Some of these leaders can be said to be continuously working hard to gain their authority that people consider it the will of God or destiny. It is very interesting to learn that, given various movements and communities in our religious world, we tend to forget that the process of leading or making authority in religion can be made either intentionally or accidentally. Religious teaching can only be delivered when an authority holds a certain position in the society. It is argued that no authority can last long unless there is already an acknowledgement or position in the community.
An example he gives is the way Muslims still attend Friday prayer during COVID-19 even when the government’s religious officials tell them not to go. In this case, people follow what the imam in their neighborhood asks them to do (attending Friday prayer despite the prohibition). People respect and obey because of the personal and concrete relation they have with the local authority rather than the government officials. Therefore, we can conclude that trust and personal relationships are vital. Authority works only when the leader gains trust from the people and builds a relationship with them.
Towards the concrete universality
The religious authority is determined by discovering the process of the religious teaching and its relation to the followers. Studying the anthropological side of religious leadership will result in finding normativity, which is the commitment to cultural creativity. It will lead to determining whether there is a universality shared within the communities. In this case, the religious authority can help shape a mutual understanding of dialogue with one another. The process to build relationships must be clearly described so people have a clear picture using appropriate means. This is best started by studying or observing the followers, the members of the community, and their relation in daily life.
However, regardless of the method or approach, whether it is anthropological, historical, or social, one must be able to differentiate from the theological view to avoid judgment and bias. This includes what society thinks of one particular teaching or authority itself, so that the findings can be used as a model for religious and interreligious dialogue. The concrete personal connection which results in trust and good relations enables them to enter the body of one community so it becomes a way of living. Their day-to-day practice could be taken as one study of a religious approach apart from a specific conviction.
Alatas relates this to the term “concrete universality” where people share one common thing that they all believe in and practice. Later on, either concrete or relational, difference is an absolute thing, even within the community of the same religion. There is a process to connect something in the past to another and also to modern life. A religious authority should make their ideas, thoughts, and teachings on this concrete universality transparent enough so that people can have a good description and be able to follow it. As it needs appropriate tools, sharing and accompaniment in the Christian belief, formation for Muslims, Buddhist and other religious traditions must be carried out accordingly.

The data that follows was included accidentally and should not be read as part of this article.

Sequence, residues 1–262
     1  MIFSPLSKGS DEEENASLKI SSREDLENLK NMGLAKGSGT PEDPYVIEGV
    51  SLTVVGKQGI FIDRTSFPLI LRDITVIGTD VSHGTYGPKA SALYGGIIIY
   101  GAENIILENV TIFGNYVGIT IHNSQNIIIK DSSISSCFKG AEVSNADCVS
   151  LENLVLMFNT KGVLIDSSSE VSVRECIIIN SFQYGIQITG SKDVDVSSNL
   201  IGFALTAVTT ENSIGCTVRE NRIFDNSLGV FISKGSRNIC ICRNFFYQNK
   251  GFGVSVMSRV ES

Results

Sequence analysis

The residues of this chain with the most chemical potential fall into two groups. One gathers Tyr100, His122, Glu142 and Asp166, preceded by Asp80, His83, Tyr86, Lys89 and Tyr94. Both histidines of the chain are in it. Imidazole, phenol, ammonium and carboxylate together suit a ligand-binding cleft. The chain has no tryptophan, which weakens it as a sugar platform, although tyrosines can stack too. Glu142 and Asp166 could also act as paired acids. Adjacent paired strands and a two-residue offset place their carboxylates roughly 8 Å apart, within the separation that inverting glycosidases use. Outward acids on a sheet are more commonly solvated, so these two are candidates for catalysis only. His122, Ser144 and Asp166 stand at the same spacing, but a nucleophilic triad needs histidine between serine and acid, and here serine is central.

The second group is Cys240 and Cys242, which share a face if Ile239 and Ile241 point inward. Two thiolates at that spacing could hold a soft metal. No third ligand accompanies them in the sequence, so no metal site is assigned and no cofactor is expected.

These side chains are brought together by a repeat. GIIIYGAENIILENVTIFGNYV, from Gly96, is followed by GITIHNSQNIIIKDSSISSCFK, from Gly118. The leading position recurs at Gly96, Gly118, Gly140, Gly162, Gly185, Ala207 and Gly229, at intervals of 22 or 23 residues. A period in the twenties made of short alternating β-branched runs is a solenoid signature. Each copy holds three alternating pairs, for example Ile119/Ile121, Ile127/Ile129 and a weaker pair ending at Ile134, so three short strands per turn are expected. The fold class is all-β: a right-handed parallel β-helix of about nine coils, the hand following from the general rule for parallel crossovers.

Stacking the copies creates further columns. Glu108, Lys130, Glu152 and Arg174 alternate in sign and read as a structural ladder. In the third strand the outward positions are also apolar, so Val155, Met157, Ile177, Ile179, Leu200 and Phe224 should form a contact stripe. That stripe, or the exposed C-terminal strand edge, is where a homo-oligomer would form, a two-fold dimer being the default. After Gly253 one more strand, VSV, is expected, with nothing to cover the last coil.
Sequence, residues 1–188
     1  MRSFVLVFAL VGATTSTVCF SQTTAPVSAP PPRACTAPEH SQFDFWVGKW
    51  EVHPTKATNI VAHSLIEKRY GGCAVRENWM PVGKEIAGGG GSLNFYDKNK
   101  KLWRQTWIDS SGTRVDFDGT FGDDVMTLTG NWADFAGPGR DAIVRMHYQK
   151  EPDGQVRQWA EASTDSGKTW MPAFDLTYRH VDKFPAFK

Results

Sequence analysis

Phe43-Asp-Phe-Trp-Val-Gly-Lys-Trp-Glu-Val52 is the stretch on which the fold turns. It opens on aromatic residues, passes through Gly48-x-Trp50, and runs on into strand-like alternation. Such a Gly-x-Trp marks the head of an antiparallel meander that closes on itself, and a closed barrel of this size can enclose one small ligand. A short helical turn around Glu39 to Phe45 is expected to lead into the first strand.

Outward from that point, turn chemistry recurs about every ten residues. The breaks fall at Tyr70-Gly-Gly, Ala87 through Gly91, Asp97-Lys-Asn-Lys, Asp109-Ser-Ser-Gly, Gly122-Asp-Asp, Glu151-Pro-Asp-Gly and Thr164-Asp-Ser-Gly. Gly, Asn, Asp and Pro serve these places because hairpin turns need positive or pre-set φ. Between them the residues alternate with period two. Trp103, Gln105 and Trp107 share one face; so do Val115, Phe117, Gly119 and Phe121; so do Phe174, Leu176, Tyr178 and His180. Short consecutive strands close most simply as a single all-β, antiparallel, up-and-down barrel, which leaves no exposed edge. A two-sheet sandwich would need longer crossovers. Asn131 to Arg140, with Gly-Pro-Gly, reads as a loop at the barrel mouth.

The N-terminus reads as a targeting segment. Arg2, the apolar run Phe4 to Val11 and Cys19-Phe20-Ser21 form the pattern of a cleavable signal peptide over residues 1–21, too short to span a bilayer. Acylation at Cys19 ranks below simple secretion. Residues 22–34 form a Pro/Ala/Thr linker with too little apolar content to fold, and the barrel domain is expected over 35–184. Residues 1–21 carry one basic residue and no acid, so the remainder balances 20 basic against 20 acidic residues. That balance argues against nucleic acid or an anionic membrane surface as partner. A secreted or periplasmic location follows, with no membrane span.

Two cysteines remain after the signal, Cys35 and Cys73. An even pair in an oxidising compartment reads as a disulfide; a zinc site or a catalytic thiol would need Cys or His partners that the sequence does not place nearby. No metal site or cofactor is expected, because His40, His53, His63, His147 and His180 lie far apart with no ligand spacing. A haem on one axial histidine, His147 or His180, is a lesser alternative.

These efforts, or we may say labor, would make concrete universality point out the importance of accepting common virtues believed and practiced in the world, which later could lead to mutual respect and understanding between one religion and another. By acknowledging as such, together we may learn that the way we view one religious tradition cannot be separated from our historical, social, anthropological, and cultural background. While seeing the original principles and practices of a religion believed and conducted in a certain community, one must also consider the development of many aspects they shared together with other communities practicing the same religion. It is here that the role of religious authority becomes significant and notable.
It leads us to question and reflect again on the important role of a religious leader and how he/she can direct the course of one’s religion through his/her way in practicing religious teachings and traditions. This authority helps to shape a deeper practice of religious teaching by the people and to build the common ground of concrete universality carried out by various religious groups through mutual respect and understanding.
Ismail Fajrie Alatas, What Is Religious Authority?: Cultivating Islamic Communities in Indonesia. https://press.princeton.edu/books/paperback/9780691204314/what-is-religious-authority